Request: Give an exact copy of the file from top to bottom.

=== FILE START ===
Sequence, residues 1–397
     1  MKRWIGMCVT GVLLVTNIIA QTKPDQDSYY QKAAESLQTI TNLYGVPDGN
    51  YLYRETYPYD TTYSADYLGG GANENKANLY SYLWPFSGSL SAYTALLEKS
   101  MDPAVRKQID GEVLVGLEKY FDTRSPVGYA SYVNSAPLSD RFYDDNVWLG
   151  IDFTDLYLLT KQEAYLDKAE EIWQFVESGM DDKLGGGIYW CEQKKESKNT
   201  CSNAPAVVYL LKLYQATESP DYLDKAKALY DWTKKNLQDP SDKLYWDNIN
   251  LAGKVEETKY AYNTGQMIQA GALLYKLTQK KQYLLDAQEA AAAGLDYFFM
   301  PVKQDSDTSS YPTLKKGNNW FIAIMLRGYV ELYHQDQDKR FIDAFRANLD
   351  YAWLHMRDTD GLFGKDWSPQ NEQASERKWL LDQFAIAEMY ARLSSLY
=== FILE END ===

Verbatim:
Sequence, residues 1–397
     1  MKRWIGMCVT GVLLVTNIIA QTKPDQDSYY QKAAESLQTI TNLYGVPDGN
    51  YLYRETYPYD TTYSADYLGG GANENKANLY SYLWPFSGSL SAYTALLEKS
   101  MDPAVRKQID GEVLVGLEKY FDTRSPVGYA SYVNSAPLSD RFYDDNVWLG
   151  IDFTDLYLLT KQEAYLDKAE EIWQFVESGM DDKLGGGIYW CEQKKESKNT
   201  CSNAPAVVYL LKLYQATESP DYLDKAKALY DWTKKNLQDP SDKLYWDNIN
   251  LAGKVEETKY AYNTGQMIQA GALLYKLTQK KQYLLDAQEA AAAGLDYFFM
   301  PVKQDSDTSS YPTLKKGNNW FIAIMLRGYV ELYHQDQDKR FIDAFRANLD
   351  YAWLHMRDTD GLFGKDWSPQ NEQASERKWL LDQFAIAEMY ARLSSLY